Objectives: Parenting self-efficacy has been associated with positive parenting behaviors, fewer parental mental health problems, less family dysfunction, and better child development outcomes. The parenting sense of competence (PSOC) scale is commonly used to measure parenting self-efficacy in high-resource settings. This study sought to examine the factor structure, internal consistency, and convergent construct validity of the PSOC in a sample of predominantly HIV-infected women in Uganda. Methods: Using data from 155 HIV-affected caregivers who participated in a randomized controlled trial of a parenting intervention, two and three factor models of a 16-item translated version of the PSOC were tested using confirmatory factor analysis. Multivariable regression models were used to examine relationships between parenting confidence (operationalized using the best-fitting PSOC model), caregiver mental health symptoms (depression and anxiety), social support, family dysfunction, and family wealth, after adjusting for covariates. Results: Neither the two- nor three-factor models of the PSOC demonstrated adequate model fit; however, adequate model fit was demonstrated for a one-factor model that included only items from the PSOC efficacy subscale. Cronbach’s alpha was 0.73 for this subscale. Correlates of parenting self-efficacy in this sample included caregiver depression, family dysfunction, and family wealth, but not caregiver anxiety or social support. Conclusions for Practice: These findings lend support for future use of the PSOC efficacy subscale among HIV-affected caregivers of children in low-resource settings such as rural Uganda.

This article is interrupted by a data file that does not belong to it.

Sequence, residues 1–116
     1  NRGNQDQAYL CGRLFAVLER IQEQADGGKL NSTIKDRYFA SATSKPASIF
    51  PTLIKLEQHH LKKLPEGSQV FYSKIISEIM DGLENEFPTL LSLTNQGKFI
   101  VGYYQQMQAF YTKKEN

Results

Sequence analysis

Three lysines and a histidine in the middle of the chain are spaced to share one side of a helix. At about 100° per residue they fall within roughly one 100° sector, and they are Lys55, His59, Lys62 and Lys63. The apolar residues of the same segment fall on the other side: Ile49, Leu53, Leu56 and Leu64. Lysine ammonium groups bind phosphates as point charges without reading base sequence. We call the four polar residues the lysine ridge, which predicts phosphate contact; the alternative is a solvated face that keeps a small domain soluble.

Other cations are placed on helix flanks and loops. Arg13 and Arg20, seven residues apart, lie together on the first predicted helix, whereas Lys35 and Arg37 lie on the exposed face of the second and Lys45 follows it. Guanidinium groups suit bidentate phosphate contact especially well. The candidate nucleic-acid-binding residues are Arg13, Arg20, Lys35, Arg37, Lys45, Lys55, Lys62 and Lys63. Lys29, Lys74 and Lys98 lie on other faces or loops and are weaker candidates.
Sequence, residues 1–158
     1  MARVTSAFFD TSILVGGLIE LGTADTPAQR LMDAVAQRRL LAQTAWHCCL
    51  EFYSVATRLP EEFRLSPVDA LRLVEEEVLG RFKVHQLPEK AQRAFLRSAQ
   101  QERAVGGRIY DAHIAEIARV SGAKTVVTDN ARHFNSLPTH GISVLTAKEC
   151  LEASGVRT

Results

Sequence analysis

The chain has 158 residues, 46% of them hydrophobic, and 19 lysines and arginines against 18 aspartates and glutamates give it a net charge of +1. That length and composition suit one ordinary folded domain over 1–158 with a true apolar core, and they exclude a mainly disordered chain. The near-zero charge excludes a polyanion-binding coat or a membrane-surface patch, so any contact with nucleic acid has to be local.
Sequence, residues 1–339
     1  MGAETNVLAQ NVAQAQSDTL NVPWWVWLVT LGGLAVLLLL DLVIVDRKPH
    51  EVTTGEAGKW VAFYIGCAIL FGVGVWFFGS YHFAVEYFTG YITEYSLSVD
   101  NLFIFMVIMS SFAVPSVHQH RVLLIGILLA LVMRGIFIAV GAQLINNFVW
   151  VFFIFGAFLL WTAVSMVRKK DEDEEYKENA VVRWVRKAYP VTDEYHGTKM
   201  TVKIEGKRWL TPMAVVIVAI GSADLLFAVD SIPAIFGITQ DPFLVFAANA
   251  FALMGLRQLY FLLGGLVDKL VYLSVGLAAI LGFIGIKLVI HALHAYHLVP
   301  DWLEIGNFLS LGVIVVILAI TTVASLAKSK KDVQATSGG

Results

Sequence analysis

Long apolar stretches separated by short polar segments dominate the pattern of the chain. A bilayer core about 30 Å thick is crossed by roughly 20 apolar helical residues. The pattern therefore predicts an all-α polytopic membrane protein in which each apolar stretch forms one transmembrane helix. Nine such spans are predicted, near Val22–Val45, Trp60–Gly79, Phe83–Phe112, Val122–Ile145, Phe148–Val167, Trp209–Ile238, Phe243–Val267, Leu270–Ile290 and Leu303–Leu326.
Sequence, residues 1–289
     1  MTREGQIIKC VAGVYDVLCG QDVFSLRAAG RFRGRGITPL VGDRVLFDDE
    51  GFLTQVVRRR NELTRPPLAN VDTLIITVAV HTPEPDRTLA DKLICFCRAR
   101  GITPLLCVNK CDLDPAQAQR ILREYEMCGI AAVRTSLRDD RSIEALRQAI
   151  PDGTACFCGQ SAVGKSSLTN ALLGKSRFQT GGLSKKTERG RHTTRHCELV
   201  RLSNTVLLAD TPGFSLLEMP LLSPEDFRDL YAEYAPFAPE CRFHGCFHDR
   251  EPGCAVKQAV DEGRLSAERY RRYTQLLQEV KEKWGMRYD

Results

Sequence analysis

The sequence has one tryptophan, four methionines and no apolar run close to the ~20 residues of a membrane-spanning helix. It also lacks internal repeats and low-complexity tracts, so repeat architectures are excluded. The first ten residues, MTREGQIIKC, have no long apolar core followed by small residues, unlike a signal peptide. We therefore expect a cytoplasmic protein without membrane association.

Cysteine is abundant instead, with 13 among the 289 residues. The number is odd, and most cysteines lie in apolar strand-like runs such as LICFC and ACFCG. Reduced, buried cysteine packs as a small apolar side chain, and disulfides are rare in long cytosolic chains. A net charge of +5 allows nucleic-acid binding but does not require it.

- Parenting self-efficacy
- Parenting sense of competence scale
ASJC Scopus subject areas
- Pediatrics, Perinatology, and Child Health
- Obstetrics and Gynecology
- Public Health, Environmental and Occupational Health